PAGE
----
Integrity and Professionalism of a Counselor
Characteristics of effect counseling
Therapists fill an essential role in society; they provide a formal emotional outlet in times of intense personal struggle. Because of the nature of this role, it is critical that therapists act professionally and uphold the integrity of their position, so as not to harm their relationship with a client, and by extension, the client’s relationships with others. Being professional and having integrity as a family and marriage counselor should be one’s main goal in their profession. Unfortunately, there are circumstances where professionals have breached the code of ethics, and caused trouble for the client as well as the therapist; serious breaches in ethics can potentially ruin a therapist’s career. In this type of field, as well as other fields in general, there is a line of professionalism and integrity that is involved in that work environment, and must not be crossed. Many therapists have a certain type of professional status that they must uphold in order for their practice to be successful and their clientele to stay with them.
In the past 100 years, therapy has evolved exponentially; there are different types of methods that are particularly in focus. As the therapy realm has evolved it is obvious that it has changed and "it is very much a twenty-first-century version of systems theory that is evident in these approaches, rather than earlier variants of systems theory that were more closely linked to the properties of inanimate systems." (Lebow, 2005) Therapy is continually being improved and expanded upon to better assist the ever changing world that we live in. Since the 1950's there has been dramatic progress in the field of theory. After World War II, "there were huge waiting lists at agencies and so seeing couples or families together, seemed a justifiable way to cut the patient backlog. Earlier roots of the family therapy movement existed in the child guidance movement, even though in child guidance clinics a psychiatrist usually saw the child while a social worker saw the parent, concurrently and not conjointly, and conjoint sessions would be the model in the emerging field of family therapy." (Wiley, 2004) This really helped families learn to work together and it was successful at getting them to learn to talk openly and listen openly to on e another. Even though this concept is recently new, it is one that is used in the counseling more often than not.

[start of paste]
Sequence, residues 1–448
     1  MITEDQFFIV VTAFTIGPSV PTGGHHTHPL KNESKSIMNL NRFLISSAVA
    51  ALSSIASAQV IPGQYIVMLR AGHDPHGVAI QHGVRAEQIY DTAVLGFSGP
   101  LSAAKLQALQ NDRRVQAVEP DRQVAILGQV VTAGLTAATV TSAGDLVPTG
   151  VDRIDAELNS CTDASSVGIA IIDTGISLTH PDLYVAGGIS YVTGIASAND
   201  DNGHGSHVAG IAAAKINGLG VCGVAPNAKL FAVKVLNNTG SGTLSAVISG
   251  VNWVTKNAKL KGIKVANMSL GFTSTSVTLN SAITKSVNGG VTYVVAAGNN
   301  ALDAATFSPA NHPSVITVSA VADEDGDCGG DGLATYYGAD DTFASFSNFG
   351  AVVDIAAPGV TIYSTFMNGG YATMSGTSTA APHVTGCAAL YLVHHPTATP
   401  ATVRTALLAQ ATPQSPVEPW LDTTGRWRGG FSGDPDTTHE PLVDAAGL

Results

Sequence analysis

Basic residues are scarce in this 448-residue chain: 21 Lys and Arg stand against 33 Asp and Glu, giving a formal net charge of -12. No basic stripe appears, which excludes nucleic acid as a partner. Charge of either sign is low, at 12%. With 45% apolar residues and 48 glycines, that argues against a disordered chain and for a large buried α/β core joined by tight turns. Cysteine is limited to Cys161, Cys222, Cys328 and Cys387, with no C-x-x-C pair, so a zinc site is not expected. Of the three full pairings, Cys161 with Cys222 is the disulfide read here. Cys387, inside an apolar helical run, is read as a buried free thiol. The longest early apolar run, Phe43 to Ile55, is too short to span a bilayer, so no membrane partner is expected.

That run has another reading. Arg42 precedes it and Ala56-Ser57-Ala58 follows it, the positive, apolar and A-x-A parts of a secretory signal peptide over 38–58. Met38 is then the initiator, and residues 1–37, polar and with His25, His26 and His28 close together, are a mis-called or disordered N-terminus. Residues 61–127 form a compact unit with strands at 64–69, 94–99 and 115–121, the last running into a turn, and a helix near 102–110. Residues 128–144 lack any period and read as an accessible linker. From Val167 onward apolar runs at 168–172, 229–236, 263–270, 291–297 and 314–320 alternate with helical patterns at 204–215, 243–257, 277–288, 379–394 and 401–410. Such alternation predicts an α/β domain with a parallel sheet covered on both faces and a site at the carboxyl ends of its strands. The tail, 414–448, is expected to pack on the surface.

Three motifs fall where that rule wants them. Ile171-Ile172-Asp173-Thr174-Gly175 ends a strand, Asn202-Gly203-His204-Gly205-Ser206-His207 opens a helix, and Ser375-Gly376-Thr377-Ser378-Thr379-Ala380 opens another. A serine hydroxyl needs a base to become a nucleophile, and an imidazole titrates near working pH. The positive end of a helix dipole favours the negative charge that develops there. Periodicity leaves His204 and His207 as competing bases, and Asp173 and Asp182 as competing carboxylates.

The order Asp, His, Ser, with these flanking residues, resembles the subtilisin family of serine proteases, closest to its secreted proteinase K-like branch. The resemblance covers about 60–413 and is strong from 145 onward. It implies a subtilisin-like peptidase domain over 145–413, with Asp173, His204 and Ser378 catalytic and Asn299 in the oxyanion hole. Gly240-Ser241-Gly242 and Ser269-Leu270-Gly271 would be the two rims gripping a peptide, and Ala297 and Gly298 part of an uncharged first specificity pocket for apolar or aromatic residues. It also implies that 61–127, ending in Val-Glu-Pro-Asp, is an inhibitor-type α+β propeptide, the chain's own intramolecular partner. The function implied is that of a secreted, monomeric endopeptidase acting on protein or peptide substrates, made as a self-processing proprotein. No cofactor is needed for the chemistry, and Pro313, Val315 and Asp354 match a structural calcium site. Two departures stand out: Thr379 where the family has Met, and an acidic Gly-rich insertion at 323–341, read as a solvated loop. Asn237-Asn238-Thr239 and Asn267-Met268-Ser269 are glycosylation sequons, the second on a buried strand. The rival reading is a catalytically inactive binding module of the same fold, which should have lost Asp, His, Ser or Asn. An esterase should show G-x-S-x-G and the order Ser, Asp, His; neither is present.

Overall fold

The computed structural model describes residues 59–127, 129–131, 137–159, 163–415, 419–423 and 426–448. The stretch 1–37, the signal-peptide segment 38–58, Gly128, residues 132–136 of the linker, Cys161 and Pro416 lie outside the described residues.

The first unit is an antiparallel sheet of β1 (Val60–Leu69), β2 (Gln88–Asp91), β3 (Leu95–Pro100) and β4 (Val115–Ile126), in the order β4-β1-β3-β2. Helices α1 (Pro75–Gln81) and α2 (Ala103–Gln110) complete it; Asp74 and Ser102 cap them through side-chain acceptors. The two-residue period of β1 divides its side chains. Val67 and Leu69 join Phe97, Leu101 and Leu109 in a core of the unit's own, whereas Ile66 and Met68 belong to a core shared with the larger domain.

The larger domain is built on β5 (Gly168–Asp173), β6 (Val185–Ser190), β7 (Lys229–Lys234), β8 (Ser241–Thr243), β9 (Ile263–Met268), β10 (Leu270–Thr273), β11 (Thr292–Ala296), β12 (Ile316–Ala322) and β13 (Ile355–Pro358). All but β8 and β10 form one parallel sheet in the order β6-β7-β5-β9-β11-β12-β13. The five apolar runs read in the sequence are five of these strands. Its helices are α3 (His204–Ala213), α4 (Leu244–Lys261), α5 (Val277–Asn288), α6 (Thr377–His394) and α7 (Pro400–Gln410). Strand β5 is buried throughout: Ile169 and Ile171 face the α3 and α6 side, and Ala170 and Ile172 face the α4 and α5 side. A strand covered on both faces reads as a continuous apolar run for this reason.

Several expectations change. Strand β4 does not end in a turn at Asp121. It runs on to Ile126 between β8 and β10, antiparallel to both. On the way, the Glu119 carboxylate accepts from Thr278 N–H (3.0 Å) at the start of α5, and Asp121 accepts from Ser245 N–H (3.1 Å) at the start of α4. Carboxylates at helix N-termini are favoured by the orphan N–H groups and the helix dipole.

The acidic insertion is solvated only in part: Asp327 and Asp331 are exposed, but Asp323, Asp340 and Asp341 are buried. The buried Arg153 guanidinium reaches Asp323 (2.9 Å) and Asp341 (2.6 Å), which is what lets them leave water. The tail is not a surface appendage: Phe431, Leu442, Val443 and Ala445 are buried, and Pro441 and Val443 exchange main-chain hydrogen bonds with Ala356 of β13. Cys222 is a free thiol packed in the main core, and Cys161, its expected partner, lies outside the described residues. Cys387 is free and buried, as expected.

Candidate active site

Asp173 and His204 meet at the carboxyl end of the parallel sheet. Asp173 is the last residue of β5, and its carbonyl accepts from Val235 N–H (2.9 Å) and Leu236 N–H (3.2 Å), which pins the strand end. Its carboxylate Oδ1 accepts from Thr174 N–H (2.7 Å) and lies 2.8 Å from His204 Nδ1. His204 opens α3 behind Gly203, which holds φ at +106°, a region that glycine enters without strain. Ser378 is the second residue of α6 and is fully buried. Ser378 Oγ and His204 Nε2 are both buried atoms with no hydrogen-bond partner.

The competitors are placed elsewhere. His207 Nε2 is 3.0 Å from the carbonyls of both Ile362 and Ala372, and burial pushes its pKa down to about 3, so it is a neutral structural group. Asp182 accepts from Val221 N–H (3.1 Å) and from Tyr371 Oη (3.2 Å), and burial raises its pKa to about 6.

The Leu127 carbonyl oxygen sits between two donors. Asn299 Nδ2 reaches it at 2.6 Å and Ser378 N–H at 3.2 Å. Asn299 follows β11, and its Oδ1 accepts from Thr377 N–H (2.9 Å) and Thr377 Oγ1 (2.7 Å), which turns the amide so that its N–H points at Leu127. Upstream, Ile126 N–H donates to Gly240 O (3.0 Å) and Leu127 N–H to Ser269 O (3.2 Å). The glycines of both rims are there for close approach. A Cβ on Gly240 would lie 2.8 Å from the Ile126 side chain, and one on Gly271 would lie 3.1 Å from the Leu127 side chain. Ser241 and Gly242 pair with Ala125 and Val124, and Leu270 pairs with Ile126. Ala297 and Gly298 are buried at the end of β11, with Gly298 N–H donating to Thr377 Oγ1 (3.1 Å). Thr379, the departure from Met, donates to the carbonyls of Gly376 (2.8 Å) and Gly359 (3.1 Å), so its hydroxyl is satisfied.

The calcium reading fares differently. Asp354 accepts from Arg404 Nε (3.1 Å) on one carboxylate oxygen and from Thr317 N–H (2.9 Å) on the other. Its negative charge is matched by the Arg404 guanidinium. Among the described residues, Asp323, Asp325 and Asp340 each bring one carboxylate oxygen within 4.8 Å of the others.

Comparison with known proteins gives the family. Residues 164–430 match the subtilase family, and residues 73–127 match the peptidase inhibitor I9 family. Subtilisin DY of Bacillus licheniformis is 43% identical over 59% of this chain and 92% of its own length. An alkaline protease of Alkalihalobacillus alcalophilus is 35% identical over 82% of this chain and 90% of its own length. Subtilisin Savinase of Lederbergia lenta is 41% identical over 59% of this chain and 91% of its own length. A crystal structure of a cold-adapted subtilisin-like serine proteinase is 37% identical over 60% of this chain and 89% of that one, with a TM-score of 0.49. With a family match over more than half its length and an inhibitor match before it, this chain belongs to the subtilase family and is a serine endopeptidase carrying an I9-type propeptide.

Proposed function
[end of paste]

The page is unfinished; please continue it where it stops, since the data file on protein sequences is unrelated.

When talking about these different concepts and the way that counselors handle different situations, professionalism is highly important in the way that these counselors take on these types of concepts. When a family or married couples come in for counseling, the first impression of a counselor is highly important and allows the clients to immediately bond or not. A counselor must appear professional, but accessible to their clients, and the first impression is often the most critical step in opening up to someone. Just like a job interview, a good impression can lead to a pleasant partnership, while a poor impression can harm your chances for success. In modern society, appearance has become a very important part of one’s character, both in the personal and professional arenas. Therefore, a professional, courteous, and personable appearance are essential to a successful first impression and relationship with a client.
There are many different aspects to what professionalism for a counselor means. As was mentioned earlier, the outward appearance is always important, as well as their attitude and professional outlook. Integrity is another quality that is highly important. Integrity is defined as the quality of having strong moral principles, upright and honest. When one has integrity they are able to fully devote themselves to the client and knowing that they will be effective counselors because they have high...
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